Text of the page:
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Freshman Carson Strong named Nevada football's starting quarterback

Carson Strong will start Nevada's season opener at quarterback against Purdue. (Kyle Pulek/Nevada athletics)

Jay Norvell is putting Nevada's offense in the hands of a freshman.

Carson Strong, a redshirt freshman, will start the Wolf Pack's season opener Aug. 30 against Purdue, which is the second Big 10 team to play at Mackay Stadium. Norvell made the announcement during Saturday's Blitz dinner booster fundraiser. Strong beat out Malik Henry, a former Florida State player known for his time on Netflix's Last Chance U, for the starting job after senior Cristian Solano broke his throwing hand during the team's second practice. A hamstring injury has limited Henry in recent weeks.

Strong will be the first freshmen to start at quarterback in Nevada's season opener since Mo Jones did so in 1998, a 48-6 loss to Oregon State.

Strong played in one game as a true freshman last season, a rout of FCS school Portland State. The 6-foot-4, 220-pounder completed his only pass attempt (for four yards) and also had one run for four more yards. From Vacaville, Calif., Strong missed his senior season of high school because of knee surgery, so the Purdue game will mark his first start since 2016. As a prep junior, Strong completed 184-of-266 passes (69.2 percent) for 2,732 yards, 26 touchdowns and four interceptions in 10 games at Wood High. He also was a high-level basketball player who averaged 18.1 points, 12.8 rebounds and 2.8 assists per game and tallied 21 double-doubles as a junior.

Strong's knee injury in high school allowed him to graduate early and enroll at Nevada in the spring semester of 2018, meaning he has a little more experience than your average redshirt freshman after going through two spring camps and two fall camps. Wolf Pack offensive coordinator Matt Mumme expressed confidence in Strong's ability to get the job done earlier in the fall.

“The thing is he’s got great energy and he’s really smart," Mumme said. "He’s going to work hard and he’s always going to be in the office bugging me to go over film and go over plays. He knows it. He just has to execute it. With emotion, that’s one of those things where it can go either way. You show your emotion, your excitement for the game and being out there on the field and your teammates see it and feed off it. That’s the big bonus of it. The flipside is you don’t want to see the other side of it when something bad happens you don’t want to get down on yourself or have bad body language, which Coach Norvell talks about. I tell him, let’s stay in the peaks and not have too many valleys. If we could do that, that’d be really good.”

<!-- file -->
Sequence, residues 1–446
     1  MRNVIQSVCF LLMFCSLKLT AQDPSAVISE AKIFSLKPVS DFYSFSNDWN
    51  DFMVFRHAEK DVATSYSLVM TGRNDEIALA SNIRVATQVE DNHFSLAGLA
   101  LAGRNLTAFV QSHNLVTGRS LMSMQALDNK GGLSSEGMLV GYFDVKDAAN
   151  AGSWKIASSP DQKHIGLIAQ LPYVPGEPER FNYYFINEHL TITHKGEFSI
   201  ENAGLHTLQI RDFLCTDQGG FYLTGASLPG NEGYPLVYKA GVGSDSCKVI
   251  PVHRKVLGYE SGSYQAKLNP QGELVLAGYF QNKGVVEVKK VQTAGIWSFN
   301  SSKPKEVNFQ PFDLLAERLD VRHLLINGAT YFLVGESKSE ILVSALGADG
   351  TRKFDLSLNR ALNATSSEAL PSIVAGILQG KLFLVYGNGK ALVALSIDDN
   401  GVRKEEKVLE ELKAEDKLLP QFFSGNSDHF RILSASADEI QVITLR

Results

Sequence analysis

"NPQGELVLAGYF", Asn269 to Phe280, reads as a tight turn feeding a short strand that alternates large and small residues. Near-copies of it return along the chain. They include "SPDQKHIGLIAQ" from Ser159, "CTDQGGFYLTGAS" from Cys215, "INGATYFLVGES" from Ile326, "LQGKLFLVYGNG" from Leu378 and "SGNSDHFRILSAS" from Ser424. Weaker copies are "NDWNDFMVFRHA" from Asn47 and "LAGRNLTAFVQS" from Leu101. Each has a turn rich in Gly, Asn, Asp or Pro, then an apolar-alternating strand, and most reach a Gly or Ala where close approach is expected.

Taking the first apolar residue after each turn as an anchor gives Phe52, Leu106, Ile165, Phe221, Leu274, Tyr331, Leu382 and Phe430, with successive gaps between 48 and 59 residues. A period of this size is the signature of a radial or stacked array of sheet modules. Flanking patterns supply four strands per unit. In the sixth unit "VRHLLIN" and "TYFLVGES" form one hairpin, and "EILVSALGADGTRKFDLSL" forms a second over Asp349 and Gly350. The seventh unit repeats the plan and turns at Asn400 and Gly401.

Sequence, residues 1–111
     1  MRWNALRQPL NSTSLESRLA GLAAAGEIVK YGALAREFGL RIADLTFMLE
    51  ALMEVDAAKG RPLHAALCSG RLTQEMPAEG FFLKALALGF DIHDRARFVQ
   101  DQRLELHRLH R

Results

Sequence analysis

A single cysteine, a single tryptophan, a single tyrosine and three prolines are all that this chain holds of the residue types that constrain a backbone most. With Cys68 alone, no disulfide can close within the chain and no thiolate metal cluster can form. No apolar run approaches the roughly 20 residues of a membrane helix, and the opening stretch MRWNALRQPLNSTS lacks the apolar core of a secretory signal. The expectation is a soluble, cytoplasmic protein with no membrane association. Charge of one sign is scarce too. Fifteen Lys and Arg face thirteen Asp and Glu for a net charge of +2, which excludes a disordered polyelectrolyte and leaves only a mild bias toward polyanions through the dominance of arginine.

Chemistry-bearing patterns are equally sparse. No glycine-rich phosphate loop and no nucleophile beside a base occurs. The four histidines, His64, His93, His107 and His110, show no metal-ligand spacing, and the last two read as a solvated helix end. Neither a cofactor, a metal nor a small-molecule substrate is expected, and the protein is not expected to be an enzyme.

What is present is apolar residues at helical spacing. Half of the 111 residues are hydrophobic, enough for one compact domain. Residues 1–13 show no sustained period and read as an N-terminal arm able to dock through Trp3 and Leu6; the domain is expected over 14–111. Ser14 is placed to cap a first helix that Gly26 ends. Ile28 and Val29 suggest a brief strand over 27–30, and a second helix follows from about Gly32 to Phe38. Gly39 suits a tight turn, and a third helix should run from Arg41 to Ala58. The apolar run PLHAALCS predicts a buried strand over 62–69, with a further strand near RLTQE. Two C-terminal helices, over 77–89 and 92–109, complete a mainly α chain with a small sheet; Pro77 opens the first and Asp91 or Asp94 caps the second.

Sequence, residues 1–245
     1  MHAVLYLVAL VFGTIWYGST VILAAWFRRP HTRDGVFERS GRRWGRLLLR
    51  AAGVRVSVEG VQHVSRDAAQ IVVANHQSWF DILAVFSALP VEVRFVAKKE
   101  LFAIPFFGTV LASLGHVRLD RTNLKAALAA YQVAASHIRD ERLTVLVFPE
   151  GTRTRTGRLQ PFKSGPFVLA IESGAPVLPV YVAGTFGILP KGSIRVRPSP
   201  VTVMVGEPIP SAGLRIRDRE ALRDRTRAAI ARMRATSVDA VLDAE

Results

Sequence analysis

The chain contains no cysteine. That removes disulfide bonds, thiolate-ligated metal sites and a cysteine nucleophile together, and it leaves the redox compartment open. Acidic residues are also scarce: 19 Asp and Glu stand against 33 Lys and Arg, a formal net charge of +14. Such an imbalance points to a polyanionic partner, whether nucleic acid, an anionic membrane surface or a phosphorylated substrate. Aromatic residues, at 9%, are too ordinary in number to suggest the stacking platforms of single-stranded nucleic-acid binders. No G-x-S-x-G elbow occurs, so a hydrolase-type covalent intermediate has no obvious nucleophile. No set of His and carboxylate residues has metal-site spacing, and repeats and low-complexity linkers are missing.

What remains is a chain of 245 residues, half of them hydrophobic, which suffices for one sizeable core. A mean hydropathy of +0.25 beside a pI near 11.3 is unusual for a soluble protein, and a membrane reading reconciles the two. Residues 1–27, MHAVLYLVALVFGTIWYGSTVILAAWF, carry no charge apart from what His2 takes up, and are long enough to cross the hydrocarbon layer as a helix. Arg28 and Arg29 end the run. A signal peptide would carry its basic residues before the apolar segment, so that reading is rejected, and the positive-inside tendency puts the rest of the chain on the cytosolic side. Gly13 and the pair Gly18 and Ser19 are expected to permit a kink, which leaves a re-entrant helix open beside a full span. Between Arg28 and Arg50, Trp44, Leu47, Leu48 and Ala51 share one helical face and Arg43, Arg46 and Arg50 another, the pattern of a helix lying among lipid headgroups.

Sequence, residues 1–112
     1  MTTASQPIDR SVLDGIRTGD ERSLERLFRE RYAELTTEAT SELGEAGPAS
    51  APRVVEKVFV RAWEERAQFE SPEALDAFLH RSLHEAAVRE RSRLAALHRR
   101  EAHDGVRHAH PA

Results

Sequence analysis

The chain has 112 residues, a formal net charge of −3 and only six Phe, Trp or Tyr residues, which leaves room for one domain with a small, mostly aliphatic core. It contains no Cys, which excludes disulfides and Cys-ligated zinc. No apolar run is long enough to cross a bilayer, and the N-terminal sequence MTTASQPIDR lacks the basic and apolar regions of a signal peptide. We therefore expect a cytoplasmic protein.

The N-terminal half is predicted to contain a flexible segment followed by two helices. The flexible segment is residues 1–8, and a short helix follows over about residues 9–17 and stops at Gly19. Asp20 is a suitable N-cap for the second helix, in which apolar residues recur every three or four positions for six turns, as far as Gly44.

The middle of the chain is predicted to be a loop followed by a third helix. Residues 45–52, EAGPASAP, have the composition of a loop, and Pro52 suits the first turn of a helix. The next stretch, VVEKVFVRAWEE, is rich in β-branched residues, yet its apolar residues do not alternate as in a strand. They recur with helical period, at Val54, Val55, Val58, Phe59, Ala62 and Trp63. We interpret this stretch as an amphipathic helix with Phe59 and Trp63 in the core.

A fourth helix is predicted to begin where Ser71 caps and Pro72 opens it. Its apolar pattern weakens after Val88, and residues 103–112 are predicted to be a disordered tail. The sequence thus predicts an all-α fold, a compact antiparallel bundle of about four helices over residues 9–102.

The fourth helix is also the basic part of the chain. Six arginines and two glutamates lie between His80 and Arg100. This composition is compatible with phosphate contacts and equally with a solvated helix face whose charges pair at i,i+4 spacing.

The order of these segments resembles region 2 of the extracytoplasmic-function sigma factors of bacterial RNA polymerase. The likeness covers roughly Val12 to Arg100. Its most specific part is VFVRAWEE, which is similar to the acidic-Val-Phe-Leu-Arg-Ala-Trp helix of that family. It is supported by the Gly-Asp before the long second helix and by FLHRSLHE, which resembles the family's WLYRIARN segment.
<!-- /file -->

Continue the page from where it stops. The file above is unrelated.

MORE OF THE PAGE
Strong was named Nevada's offensive scout team player of the year last season. He will be the second freshman to start at quarterback under Norvell after Kaymen Cureton started two games as a true freshman early in the 2017 campaign. Cody Fajardo (2011) and Colin Kaepernick (2007) also started at quarterback as redshirt freshmen in recent seasons.

In spring camp, Strong talked about his love of the game. He's drawn high marks from staff and teammates for his work ethic.

"I have fun every single day playing football," Strong said. "I've never complained once about practice. I just love it no matter what. Just coming out here and competing, that's just what I love to do, so I'm having an absolute blast. Coach Mumme gives us a lot of freedom. If we see something, we can call it anytime we want. Just go out and play football. Coach Norvell says all the time, we want to do five things really well rather than 500 things OK. We just go out there and keep it simple and have fun with the game, and that's how it's meant to be."

In Purdue, Strong will face a defense that ranked 82nd in the nation in scoring defense, allowing 30 points per game. The Boilermakers gave up 284.7 passing yards per game, the third most in the nation. Strong will be surrounded by one of the Mountain West's better groups of receivers and running backs, although Nevada will be breaking in three new starting offensive linemen.

"We really want a patient, smart guy and a guy who’s going to run the offense, protect the football and show maturity," Norvell said earlier in camp about what he wants out of his quarterback. "That’s what we’re challenging those guys to do every day.”

Strong will succeed Ty Gangi, who completed 60.5 percent of his passes for 3,331 yards, 24 touchdowns and 13 interceptions last season before graduating. During Nevada's media day Thursday, Strong said his goals were simple.

“If I’m the guy who’s going to be starting, the only thing I want to do is go out there and win," Strong said. "I think all of the quarterbacks can go out there and win games. If it’s me, that’s my only focus.

“Our No. 1 goal is winning this conference. We think we can do it. We have a great defense and a lot of play-makers on offense.”

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